hed from Romney, Va., to look after guerrillas, was attacked by a squad of rebels, on Grass Lick, near Wash River. The National troops lost three killed, but drove the rebels, who took refuge in the house of a confederate. A reenforcement of cavalry was then sent out, under the command of Lieut.-Col. Downey, but the rebels fled at his approach, carrying off several dead and wounded. Col. Downey burned the house, and in pursuit captured five prisoners.--(Doc. 145.) The resolution adopted by the Maryland Legislature, signed by Governor Bradford, appropriating seven thousand dollars for the relief of the families of the killed and disabled men of the Massachusetts Sixth regiment by the secession mob in Baltimore, on the nineteenth of April, 1861, was read this afternoon in the Massachusetts House of Representatives, and referred to the Committee on Federal Relations. The resolution caused a marked sensation, and its reading was followed by hearty applause.--Boston Post, April 24.
April 24. Yorktown, Va., was shelled by one of the United States gunboats. She moved up to the mouth of Wormley's Creek during the morning, opening a well-directed fire on the rebel works, which was promptly answered. The boat then fell back a distance of three miles from Yorktown, when she again opened fire, the shells exploding each time within the enemy's works, but obtaining no response. A few shots were fired during the day along the whole line. to keep the rebels from strengthening their works. No one was injured. The United States Government steamer Eunice was run into last night by the Commodore Perry, off Ashland, Ky., and sunk. No lives were lost.--New York Tribune, April 26. A reconnoitring party, under General A. J. Smith, left Pittsburgh this morning and attacked the rebel pickets, one hundred and fifty strong, who fled in great haste, leaving knapsacks, blankets, and everything else. The party proceeded on foot to Pea Ridge, and there found three o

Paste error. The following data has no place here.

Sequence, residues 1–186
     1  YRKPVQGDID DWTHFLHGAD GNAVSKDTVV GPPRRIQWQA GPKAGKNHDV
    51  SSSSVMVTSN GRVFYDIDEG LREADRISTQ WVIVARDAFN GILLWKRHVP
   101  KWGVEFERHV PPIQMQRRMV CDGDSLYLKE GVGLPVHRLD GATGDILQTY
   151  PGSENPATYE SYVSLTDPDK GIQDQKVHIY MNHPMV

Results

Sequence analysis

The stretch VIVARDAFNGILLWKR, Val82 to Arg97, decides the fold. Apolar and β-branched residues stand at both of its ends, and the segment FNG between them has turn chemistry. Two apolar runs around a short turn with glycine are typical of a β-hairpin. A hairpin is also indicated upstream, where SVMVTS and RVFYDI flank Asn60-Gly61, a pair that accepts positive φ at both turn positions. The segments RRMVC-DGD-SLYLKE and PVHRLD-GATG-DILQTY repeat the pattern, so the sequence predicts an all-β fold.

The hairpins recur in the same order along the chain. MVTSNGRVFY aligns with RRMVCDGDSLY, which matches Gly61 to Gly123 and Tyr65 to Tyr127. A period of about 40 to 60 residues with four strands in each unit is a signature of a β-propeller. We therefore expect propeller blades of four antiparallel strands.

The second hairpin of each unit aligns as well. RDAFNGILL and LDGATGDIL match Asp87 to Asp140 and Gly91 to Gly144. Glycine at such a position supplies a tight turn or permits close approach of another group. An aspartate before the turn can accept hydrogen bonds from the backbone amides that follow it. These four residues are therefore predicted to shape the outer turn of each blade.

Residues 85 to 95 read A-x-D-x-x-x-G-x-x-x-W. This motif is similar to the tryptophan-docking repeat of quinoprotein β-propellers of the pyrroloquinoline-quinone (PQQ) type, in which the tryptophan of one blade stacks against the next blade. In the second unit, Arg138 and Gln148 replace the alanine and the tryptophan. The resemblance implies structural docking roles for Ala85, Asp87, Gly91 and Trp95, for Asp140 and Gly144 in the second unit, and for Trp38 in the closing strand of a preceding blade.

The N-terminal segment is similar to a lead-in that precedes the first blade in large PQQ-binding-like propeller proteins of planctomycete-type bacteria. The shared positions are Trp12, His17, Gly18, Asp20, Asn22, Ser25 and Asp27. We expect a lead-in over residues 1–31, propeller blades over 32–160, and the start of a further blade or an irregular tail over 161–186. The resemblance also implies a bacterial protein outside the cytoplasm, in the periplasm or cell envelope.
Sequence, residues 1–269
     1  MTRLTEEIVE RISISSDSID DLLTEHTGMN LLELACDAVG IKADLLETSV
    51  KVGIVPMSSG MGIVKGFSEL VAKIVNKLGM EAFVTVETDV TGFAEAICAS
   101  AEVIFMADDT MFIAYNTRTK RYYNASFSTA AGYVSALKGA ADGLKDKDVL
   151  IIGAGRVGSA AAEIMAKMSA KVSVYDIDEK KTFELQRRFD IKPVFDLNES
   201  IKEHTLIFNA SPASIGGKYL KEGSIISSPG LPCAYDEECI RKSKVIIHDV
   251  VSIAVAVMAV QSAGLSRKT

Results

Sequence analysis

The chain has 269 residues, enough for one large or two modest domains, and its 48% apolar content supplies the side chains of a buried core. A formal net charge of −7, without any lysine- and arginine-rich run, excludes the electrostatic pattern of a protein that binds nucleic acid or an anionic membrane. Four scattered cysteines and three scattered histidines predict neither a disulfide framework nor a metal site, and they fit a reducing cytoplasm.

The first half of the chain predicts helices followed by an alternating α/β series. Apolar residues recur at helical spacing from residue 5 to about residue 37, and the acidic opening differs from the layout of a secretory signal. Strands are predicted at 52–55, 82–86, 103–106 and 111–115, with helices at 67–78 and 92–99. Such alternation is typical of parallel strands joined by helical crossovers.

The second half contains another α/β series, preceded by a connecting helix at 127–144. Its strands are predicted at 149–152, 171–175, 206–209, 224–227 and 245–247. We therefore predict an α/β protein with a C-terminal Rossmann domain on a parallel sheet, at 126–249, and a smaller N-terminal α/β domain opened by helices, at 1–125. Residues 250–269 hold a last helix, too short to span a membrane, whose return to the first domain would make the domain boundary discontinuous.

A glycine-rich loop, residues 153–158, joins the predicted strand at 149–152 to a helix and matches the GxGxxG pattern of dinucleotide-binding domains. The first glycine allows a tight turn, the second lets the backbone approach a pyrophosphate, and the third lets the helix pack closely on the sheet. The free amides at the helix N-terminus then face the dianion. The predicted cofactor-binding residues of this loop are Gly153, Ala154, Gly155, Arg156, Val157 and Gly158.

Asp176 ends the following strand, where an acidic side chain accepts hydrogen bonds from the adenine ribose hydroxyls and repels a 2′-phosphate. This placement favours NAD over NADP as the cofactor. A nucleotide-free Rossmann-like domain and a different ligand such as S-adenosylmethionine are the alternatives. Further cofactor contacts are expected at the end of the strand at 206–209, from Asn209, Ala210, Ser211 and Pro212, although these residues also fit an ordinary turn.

April 24. Tuscumbia, Ala., was occupied by the National forces under General Dodge, after he had succeeded in driving from the place the rebels under Colonel Chalmers.--Four rebel schooners were captured off Mobile, Ala., by the gunboat De Soto, and two were captured while endeavoring to run into New Inlet, N. C., by the United States steamer State of Georgia.--Colonel Phillips encountered and defeated a party of rebels at Weber Falls, Ark., capturing all their camp equipage.--Skirmishing still continued in the vicinity of Suffolk, Va.--Philadelphia Inquirer, April 29. A body of rebels under Imboden and Jackson attacked a small Union force at Beverly, Va., the extreme outpost held by General Roberts. The place — which is in Tygert Valley, cast of Rich Mountain — was garrisoned by about one thousand Virginia loyalists, under Colonel Latham. The town is approached by two roads, known as the Buckhannon and Philippa pikes, from the west and north-west, and the Huttonsville ro
April 24. The steamer John J. Roe was burned by the rebels at a point below Natchez, on the Mississippi.--A scouting-party of the First Michigan cavalry, sent out from Alexandria, Va., under command of Lieutenant Jackson, came across a band of rebel guerrillas, about nine miles up the Occoquan road, when a brisk skirmish ensued. Four of the rebels were wounded and taken prisoners. Lieutenant Jackson had two of his men slightly wounded, and succeeded in capturing one horse.--Governor Brough issued an order, calling the National Guard of Ohio into active service for one hundred days.